This bronze sculpture was commissioned by the city and borough of Juneau during its centennial anniversary year, and is dedicated to the mine whose work provided the lifeblood of Juneau during it first six decades.
In the late 1800's, compressed - air machine drills replaced hand drills as the principle tools of hard rock miners. This development enabled miners to handle great quantities of ore at an acceptable low cost. As a result, lodes containing low-grade ore deposit, such as those in the Juneau Goldbelt, became profitable to mine. In this sculpture the pneumatic drill is a generalized version of many different types used over the years. The drills were fed air by hose from the surface steam engines and used pistons to work the "steels" back and forth in the drill holes. Traditionally a pattern of seven holes and charges would be employed when cutting a tunnel. A team of miners drilled the face of the tunnel though a single eight or ten hour shift and blasted it just before quitting. The sequence of cleanup, more drilling and blasting would begin anew in the next shift. The Alaska-Juneau Mine, which opened in 1897, ceased operating in 1944, beginning and end to an era. The total output of the Juneau Goldbelt was over seven million ounces of gold.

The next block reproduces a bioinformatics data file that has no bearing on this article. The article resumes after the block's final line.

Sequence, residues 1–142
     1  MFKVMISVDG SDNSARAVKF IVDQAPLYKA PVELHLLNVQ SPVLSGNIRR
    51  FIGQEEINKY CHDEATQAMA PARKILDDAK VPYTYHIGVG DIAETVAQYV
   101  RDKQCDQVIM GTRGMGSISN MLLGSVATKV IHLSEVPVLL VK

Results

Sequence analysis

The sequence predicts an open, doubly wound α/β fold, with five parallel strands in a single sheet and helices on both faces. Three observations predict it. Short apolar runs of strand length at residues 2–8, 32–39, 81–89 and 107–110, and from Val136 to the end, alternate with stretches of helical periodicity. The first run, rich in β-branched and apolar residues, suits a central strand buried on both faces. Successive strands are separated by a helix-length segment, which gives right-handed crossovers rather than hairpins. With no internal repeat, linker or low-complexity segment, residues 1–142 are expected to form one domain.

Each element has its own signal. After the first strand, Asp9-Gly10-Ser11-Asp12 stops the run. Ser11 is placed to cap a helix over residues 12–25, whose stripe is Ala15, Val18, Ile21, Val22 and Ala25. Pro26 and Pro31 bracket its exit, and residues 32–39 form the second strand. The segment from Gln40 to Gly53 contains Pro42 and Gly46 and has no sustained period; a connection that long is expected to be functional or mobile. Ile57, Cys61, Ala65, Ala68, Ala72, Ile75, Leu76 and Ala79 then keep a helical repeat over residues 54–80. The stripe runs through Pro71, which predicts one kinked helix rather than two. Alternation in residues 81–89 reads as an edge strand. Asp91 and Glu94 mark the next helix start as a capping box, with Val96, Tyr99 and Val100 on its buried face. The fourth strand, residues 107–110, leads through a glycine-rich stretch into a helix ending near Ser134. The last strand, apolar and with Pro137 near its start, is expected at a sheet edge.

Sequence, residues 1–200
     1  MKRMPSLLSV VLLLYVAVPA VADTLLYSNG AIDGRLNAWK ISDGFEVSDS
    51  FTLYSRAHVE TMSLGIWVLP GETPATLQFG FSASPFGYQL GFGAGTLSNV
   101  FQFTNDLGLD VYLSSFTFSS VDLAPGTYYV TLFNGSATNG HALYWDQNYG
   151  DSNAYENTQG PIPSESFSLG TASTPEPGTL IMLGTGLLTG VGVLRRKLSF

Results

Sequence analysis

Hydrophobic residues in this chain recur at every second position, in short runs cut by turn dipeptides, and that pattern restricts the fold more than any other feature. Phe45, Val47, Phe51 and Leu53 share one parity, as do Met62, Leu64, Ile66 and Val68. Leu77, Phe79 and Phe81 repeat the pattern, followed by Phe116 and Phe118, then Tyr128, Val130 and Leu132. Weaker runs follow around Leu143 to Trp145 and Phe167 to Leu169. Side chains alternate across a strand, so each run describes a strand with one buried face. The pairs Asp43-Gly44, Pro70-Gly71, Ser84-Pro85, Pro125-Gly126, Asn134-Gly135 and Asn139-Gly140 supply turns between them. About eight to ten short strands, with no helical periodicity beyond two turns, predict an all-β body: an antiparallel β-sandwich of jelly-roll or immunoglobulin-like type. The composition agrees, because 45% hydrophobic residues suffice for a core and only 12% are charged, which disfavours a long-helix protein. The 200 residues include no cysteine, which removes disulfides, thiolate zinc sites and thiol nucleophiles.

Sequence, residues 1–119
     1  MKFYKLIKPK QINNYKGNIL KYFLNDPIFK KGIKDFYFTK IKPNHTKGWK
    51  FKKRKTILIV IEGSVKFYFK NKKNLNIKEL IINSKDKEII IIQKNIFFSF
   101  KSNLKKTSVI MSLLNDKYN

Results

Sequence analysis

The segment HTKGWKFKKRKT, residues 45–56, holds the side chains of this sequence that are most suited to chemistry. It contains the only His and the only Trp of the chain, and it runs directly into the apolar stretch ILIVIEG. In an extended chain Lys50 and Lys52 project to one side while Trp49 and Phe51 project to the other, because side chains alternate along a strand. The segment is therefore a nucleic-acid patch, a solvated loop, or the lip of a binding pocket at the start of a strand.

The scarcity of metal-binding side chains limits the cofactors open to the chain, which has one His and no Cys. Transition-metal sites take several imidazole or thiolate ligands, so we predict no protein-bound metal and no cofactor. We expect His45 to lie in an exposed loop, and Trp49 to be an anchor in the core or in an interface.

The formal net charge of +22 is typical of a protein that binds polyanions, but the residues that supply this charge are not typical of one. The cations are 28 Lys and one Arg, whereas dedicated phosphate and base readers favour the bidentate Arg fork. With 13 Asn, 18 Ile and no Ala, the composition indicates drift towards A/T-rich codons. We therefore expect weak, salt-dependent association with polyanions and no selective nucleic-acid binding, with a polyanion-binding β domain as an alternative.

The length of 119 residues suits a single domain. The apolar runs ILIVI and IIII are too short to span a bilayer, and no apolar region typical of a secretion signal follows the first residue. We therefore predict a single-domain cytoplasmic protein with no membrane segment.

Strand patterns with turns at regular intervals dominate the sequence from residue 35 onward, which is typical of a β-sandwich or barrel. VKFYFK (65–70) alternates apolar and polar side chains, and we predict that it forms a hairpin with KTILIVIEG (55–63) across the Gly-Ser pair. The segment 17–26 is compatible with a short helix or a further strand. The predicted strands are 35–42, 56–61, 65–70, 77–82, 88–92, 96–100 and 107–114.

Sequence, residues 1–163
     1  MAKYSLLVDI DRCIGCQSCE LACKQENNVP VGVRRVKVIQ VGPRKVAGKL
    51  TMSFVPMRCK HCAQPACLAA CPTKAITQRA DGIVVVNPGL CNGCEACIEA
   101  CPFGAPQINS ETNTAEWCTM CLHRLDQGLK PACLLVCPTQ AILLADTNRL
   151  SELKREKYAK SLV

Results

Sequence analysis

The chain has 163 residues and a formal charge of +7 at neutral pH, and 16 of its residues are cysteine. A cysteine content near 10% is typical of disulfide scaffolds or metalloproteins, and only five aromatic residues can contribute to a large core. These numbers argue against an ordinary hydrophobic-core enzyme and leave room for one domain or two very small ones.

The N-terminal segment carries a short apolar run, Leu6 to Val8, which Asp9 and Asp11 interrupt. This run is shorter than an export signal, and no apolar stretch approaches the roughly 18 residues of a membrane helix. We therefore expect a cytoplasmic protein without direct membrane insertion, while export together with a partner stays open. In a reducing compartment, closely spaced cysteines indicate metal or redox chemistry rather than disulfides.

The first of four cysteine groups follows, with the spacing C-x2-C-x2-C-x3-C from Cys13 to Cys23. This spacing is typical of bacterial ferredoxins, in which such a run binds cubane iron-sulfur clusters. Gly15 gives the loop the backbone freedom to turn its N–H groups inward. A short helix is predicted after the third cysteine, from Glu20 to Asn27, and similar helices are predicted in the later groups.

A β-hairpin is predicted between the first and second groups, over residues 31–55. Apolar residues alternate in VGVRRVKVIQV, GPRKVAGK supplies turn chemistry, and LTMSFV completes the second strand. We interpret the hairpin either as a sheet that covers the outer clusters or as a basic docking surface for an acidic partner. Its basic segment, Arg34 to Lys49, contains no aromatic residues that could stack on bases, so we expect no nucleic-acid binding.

Sculpture by Juneau artist Ed Way